Turn­ing the screw

The Keep By Jen­nifer Egan Aba­cus, 242pp, $ 32.95

The Weekend Australian - Review - - Books - Stella Clarke

IF you judge a book by its cover, you’ll miss out. The Keep ’ s black and white, Hal­loween- script jacket looks tacky, a missed op­por­tu­nity for some­thing that should have sucked you in, like the dark, en­gulf­ing story inside. The book in­volves the usual com­pul­sions of the gothic, with its rich psy­cho­log­i­cal quag­mire: a moul­der­ing an­ces­tral pile, twin ghosts, buried crimes and fes­ter­ing guilt. Jen­nifer Egan, how­ever, is smart and turns a 21st- cen­tury screw on the genre.

This is Egan’s third novel and it’s touted as ‘‘ the sur­prise best­seller of 2006 in the US’’. Her par­tic­u­lar fo­cus is the para­noid fron­tiers of the mav­er­ick male psy­che. Ray, a US prison in­mate, is tak­ing a creative writ­ing class and telling the story. Though he is more switched- on in this re­gard than your av­er­age crim, Egan al­lows his raw, un­let­tered voice to carry the tale, in­clud­ing some clunky, ef­fort­ful asides. With no pre­vi­ous ex­po­sure to the cir­cuit- break­ing con­ven­tions of lit­er­a­ture, Ray’s au­di­ence, his men­ac­ing, sub­so­cial class­mates, in­habit a slightly lu­natic zone. The stakes are too high; sto­ry­telling plays with their heads. Ray gets stabbed be­cause one of them takes it all too se­ri­ously.

As in Henry James’s The Turn of the Screw , part of the chilly thrill of the book lies in that fo­cus on sto­ry­telling, the way it can open doors in your head that are bet­ter left shut. Egan was at­tracted to this hack­neyed genre be­cause of the in­nate power it has to res­ur­rect the imag­i­na­tion, smoth­ered as it is by the ubiq­ui­tous elec­tronic cov­er­age of con­tem­po­rary life.

Ray’s story is about Danny, a 36- year- old New York hus­tler on the run. Poor Danny is ad­dicted to the wired new world of con­tin­u­ous com­mu­ni­ca­tion and in­for­ma­tion ex­change. It makes him feel pow­er­ful, in con­trol, real and safe. Egan re­moves Danny from New York to the un­net­worked back­blocks of east­ern Europe, and all his night­mares come alive.

Danny has a cousin, Howard. The Keep kicks off with a long- ago act of child­ish sadism. Howard is a fat, awk­ward boy, but his sav­ing grace is an imag­i­na­tion of me­dieval po­tency. Danny is ‘‘ sucha­good­boy’’, driven to im­press and curry favour. Want­ing to look good in front of his mates, Danny tips Howard into a freez­ing, un­der­ground lake and leaves him to die be­cause he can’t own up to it. Howard sur­vives.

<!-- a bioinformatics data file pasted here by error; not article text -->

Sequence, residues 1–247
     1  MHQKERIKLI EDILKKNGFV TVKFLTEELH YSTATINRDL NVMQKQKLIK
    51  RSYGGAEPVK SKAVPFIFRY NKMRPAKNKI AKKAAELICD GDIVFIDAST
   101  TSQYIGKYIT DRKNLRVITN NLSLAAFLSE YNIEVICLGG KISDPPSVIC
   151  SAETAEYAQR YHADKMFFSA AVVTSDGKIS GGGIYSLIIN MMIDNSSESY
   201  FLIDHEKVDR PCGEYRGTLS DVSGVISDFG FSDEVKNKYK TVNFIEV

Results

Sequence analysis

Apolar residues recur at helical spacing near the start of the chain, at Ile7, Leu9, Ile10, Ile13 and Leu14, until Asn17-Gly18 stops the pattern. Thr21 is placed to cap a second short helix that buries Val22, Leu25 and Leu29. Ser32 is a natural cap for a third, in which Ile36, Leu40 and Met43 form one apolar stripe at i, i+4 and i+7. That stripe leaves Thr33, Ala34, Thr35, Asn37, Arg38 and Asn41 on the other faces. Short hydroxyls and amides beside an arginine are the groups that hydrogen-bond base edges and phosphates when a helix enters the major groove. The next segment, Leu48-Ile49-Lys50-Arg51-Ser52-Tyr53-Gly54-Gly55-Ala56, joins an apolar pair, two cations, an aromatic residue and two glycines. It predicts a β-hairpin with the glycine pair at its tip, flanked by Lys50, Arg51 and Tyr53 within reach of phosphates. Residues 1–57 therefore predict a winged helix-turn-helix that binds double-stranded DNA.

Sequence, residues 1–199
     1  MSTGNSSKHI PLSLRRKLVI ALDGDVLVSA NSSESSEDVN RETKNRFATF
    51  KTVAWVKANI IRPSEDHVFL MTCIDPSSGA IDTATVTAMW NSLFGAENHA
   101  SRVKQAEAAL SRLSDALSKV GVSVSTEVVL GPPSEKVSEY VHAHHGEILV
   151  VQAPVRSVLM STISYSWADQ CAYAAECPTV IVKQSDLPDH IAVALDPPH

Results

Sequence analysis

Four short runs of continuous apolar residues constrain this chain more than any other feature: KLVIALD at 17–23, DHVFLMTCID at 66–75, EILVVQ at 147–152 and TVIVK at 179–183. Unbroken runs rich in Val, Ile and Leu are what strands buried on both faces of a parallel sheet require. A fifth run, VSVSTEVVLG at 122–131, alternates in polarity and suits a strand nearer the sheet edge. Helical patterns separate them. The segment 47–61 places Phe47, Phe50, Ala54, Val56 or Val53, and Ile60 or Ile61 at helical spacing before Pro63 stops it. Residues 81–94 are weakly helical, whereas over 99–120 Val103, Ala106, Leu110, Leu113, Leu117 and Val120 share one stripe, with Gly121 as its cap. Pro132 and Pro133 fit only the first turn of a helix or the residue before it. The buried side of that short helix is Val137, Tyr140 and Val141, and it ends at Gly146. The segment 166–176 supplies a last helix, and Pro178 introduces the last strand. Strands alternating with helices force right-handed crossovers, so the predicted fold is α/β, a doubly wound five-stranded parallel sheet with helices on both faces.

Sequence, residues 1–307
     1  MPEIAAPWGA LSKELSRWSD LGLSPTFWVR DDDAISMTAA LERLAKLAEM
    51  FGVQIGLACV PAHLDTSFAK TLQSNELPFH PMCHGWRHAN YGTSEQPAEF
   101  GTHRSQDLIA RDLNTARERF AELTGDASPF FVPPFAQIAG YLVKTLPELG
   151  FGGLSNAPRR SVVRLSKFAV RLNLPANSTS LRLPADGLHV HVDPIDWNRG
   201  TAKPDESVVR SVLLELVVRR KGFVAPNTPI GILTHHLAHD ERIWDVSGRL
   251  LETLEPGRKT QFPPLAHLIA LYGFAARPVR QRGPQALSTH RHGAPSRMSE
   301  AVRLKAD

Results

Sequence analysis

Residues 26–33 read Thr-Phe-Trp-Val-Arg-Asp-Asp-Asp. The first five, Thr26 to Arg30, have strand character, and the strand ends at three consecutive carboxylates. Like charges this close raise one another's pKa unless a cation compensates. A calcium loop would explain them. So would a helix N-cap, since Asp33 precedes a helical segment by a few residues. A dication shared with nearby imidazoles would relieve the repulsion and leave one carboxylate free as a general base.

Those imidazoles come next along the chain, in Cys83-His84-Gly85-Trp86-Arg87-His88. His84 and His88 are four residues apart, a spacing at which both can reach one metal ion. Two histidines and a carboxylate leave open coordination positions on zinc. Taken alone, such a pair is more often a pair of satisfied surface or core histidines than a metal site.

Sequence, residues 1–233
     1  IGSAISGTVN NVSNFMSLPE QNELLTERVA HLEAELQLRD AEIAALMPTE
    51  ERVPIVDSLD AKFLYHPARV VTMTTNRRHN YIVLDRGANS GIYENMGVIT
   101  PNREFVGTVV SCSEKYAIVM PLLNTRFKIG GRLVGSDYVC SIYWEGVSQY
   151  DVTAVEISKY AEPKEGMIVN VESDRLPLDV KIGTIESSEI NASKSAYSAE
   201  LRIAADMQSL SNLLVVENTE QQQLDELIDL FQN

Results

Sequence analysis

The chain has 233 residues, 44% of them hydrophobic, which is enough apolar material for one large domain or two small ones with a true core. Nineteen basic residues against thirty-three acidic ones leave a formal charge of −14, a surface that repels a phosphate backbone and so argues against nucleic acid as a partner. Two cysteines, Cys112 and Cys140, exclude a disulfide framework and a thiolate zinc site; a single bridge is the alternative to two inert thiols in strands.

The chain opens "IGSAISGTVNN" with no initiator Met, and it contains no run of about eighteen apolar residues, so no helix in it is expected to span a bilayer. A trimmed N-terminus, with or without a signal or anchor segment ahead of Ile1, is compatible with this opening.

Now they are all grown up and the ta­bles are turn­ing. Howard is rich, toned and suc­cess­ful. He hears of the hash Danny has made of his life and coolly in­vites him to join his latest in­vest­ment, an iso­lated cas­tle to be de­vel­oped into a lux­ury re­sort. What fol­lows is a com­pelling, fright­en­ing jour­ney away from the known ( the US) into the un­known. For many or­di­nary Amer­i­cans, it seems, a trip to deep­est Europe is too eas­ily an awe­some one- way ticket to para­noia, su­per­sti­tion and muck.

Young gun film­maker and Quentin Tar­enti­noen­dorsed Eli Roth knows this and is ea­ger to gorge their un­dead imag­i­na­tions on his latest bank­able slew of screen car­nage, Hos­tel II , which is set in re­motest Slo­vakia.

Tor­ture and dun­geon death are part of Egan’s hor­rorscape, too, but luck­ily she is ca­pa­ble of a less psy­chotic treat­ment.

Howard’s fortress, lo­cated in an in­de­ter­mi­nate spot, has one nicely ren­o­vated bit. The rest is a rot­ting hell­hole of rub­bish and cor­po­real de­cay, sed­i­mented through reaches of his­tory so ex­ten­sive they blow Danny’s al­ready half- blown mind. The cas­tle is an­i­mate with the most vi­cious, un­hal­lowed vibes imag­in­able and even fea­tures its own ter­ri­fy­ingly aged nympho­ma­niac. All this nas­ti­ness co­ag­u­lates in a foul, sym­bol- sod­den stew of a pool that Edgar Al­lan Poe would have rel­ished ( think The Fall of the House of Usher ). This fetid out­post is the site of pay­back and re­demp­tion.

Af­ter en­try into the charis­matic Howard’s or­bit, Danny’s ex­pe­ri­ence is treach­er­ous, os­cil­lat­ing be­tween real and un­real. Egan leads us down into ex­cru­ci­at­ingly claus­tro­pho­bic, sub­ter­ranean spa­ces. Is Howard out to get Danny or not? Who has the power? It is riv­et­ing un­til the end, where it goes soft and fluffy, like the cash­mere sweaters of Howard’s ho­tel guests.

When Ray’s story is fin­ished and the Ham­mer House party is over, the ren­o­va­tions, we re­alise, have pro­gressed. The cas­tle is newworld san­i­tary and his­tory is con­sumer­wrapped. It is spotlit and mar­keted as an elec­tron­ics- free zone where clients can find out if they have any depth. Howard has achieved his key per­for­mance indicators, his pro­jected vi­sion of a bou­tique sanc­tu­ary for af­flu­ent, freefall trav­ellers sick to death of the pre­dictable tex­ture of US priv­i­lege.

Ul­ti­mately, the tack­i­est thing in the book is the vanilla- scented how- to in­struc­tions meted out to cas­tle vis­i­tors with their bathrobes. So, Jen­nifer, is it all just per­verse, high- end ther­apy for Amer­ica’s jaded elite? Stella Clarke is a Can­berra lit­er­ary critic and has taught ex­ten­sively in Bri­tain and Aus­tralia.

Il­lus­tra­tion: John Tiede­mann

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